Despite Hudak's efforts to appear both compassionate and inefficient, the polls predict that Premier Dalton McGuinty will win a third term tonight. Terence Corcoran thunders in the Financial Post, "If a dissembling premier who is dragging Ontario into a black hole of debt—$300 billion or 40% of GDP—can't be unseated after eight years in power, something is missing in the opposition approach."

Or perhaps there is a critical deficiency in democracy. Alison Redmond's surprise victory in Alberta ($3.4 billion deficit) was credited in part to her promise to restore a $107-million cut in the education budget. Alberta spends $10,550 per child (K-12) per year, Ontario $10,600. (Compared to $8,357 in BC and $7,200 in Nova Scotia.) Is a lack of money the problem with our schools? No, the lesson here is that success in politics now depends on refusing to face reality, lest it frighten the voters, who are best distracted with bright, shiny objects like full-day kindergarten.

And this, Peter Schiff says, is why the bull market in gold will continue. Yes, gold fell precipitously from $1,900, but Schiff counsels, "Do not get caught in the exuberance or pessimism of short-term movements, even if they're sharp. Observe the fundamentals—the events in Europe, the looming budget calamity in the US, central bankers' steadfast strategy of debasement, and emerging markets' continued diversification into precious metals. These are the main drivers for gold's long-term appreciation."

Precious metals steadied this week. At press time, gold was at $1,652.50 (up 2.2% from last Thursday), with silver at $31.91 (up 4.4%).

At MarketWatch, Peter Brimelow also cites the importance of emerging markets: "Gold bugs have been shaken by the size of what they see as a manipulative bear raid, but they still believe Asian off-take underpins the market... The Asian physical markets [have begun] to show the high gold premiums to the world market, indicating import demand... By the end of [last] week, India, China, Vietnam and Turkey were reportedly in this mode." Brimelow quotes analyst Edel Tully of UBS: "To be clear, physical demand right now is not just decent, it is exceptionally strong."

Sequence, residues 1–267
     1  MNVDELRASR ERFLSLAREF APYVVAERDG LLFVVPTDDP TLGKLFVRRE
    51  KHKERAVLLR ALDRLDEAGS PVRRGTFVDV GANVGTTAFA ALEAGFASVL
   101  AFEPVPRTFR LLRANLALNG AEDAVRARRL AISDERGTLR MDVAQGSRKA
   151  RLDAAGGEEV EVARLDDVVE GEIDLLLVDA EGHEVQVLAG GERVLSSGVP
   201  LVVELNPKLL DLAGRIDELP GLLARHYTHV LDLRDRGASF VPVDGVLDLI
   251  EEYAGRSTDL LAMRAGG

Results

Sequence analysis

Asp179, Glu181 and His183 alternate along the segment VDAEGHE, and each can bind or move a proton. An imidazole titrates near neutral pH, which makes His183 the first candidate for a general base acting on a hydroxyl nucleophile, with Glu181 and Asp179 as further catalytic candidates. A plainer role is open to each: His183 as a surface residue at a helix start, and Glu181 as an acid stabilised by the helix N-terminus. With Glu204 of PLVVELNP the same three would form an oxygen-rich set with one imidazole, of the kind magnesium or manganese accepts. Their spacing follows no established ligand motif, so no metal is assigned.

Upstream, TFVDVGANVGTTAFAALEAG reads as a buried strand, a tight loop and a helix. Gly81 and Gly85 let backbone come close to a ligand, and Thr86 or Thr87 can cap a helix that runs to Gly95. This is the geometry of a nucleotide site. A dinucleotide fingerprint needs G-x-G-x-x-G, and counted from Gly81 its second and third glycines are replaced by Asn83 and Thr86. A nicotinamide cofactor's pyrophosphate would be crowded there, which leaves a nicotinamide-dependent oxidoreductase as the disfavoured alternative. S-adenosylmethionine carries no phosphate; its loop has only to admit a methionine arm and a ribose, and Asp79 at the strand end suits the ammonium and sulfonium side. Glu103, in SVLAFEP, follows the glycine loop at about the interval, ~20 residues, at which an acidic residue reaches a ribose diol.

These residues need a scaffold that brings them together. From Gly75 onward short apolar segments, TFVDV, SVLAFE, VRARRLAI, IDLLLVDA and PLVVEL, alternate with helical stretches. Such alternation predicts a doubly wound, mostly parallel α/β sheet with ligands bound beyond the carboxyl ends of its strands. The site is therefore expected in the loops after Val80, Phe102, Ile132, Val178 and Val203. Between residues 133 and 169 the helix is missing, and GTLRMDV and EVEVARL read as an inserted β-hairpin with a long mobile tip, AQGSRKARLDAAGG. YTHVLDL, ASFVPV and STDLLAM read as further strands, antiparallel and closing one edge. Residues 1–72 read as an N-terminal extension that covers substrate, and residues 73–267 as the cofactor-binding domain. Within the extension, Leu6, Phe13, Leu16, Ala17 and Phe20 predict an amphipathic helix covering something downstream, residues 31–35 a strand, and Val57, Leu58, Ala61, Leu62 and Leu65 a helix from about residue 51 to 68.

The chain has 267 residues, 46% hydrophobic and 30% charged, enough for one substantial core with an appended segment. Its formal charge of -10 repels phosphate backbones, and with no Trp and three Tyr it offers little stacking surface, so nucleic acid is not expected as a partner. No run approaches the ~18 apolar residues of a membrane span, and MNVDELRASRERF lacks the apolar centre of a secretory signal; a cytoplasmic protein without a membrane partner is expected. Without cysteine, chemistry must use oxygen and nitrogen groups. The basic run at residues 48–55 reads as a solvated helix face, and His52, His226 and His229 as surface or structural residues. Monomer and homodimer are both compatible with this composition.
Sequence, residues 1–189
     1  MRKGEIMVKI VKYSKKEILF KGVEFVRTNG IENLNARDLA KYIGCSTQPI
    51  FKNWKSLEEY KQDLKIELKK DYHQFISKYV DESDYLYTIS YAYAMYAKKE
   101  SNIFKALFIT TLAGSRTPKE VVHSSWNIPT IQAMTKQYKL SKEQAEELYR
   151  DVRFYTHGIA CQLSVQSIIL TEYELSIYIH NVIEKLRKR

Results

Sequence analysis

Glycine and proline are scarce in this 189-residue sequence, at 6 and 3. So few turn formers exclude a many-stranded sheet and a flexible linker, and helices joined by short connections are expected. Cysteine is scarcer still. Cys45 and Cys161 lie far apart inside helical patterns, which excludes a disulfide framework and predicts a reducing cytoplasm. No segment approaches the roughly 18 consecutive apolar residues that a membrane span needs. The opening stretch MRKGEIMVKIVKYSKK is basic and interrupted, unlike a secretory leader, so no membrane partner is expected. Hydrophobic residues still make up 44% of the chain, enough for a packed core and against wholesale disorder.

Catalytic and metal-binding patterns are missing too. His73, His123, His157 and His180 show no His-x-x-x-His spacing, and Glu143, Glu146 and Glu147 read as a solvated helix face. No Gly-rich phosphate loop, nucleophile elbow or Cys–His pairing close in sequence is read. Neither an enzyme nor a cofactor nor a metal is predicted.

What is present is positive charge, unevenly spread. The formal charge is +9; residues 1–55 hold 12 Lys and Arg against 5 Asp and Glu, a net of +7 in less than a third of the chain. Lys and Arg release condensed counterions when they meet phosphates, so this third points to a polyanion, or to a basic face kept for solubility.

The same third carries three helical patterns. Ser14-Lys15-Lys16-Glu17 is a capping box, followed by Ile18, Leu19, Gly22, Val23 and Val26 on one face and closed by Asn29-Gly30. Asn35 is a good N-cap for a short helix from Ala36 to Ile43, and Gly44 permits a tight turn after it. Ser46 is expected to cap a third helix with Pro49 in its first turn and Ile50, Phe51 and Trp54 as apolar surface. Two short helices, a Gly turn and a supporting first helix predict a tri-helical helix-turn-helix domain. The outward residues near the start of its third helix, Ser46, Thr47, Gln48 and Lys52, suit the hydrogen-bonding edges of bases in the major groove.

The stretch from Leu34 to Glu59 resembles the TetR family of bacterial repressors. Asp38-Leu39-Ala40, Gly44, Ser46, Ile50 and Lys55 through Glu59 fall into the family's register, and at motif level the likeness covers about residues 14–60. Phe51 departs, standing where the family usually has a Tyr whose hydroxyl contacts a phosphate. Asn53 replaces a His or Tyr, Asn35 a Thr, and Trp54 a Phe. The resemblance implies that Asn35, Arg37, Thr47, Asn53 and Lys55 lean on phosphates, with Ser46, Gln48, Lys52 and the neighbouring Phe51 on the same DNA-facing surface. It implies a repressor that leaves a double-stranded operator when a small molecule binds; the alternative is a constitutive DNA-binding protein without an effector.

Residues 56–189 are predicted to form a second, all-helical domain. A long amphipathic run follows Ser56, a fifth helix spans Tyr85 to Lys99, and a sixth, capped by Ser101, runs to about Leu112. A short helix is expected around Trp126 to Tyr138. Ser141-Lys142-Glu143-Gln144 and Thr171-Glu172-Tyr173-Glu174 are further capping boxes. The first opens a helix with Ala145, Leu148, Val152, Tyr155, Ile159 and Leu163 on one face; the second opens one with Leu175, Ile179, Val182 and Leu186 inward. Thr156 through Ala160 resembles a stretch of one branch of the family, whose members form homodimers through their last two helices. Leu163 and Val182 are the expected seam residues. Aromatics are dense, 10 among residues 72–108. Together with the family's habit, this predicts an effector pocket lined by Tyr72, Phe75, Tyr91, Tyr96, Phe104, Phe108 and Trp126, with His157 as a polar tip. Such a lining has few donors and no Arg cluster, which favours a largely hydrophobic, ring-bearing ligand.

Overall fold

Demand for gold and silver equities remains weak, but at the Gold Report, Amine Bouchentouf, author of Commodities For Dummies, maintains that "junior mining companies offer a lot more upside [than ETFs]... When you are buying into a junior miner you are getting physical gold at a deep discount."

Specifically, Bouchentouf has kind words for Avion Gold TSX:AVR, Banro TSX:BAA, Franco-Nevada TSX:FNV, Golden Predator TSX:GPD, New Gold TSX:NGD, Royal Gold TSX:RGL and Silver Predator TSX:SPD.

As predicted here—and everywhere else—takeovers are on the rise, and at Seeking Alpha, David Zanoni reckons the following juniors and mid-caps to be among the next targets: Minefinders TSX:MFL, New Gold TSX:NGD, Northgate Minerals TSX:NGX, Royal Gold TSX:RGL and Taseko Mines TSX:TKO.

At the same source, Jared Cummans lists six miners that offer "viable options for adding exposure to silver": Coeur d'Alene TSX:CDM, Endeavour TSX:EDR, First Majestic TSX:FR, Great Panther TSX:GPR, Pan American TSX:PAA and Silvercorp TSX:SVM.

And at 321Gold, an admittedly "highly biased" Bob Moriarty says, "I was more impressed with the good sense of management of Fortuna Silver TSX:FVI than any company I have seen in a long, long time... If you are a silver bug, you have to love Fortuna Silver."

Finally, Bob Rae declares in the Globe, "The more taboos we can break, the better off we are." Is that an empirical statement, Bob? If the answer is yes, please spare us any embarrassing personal disclosures.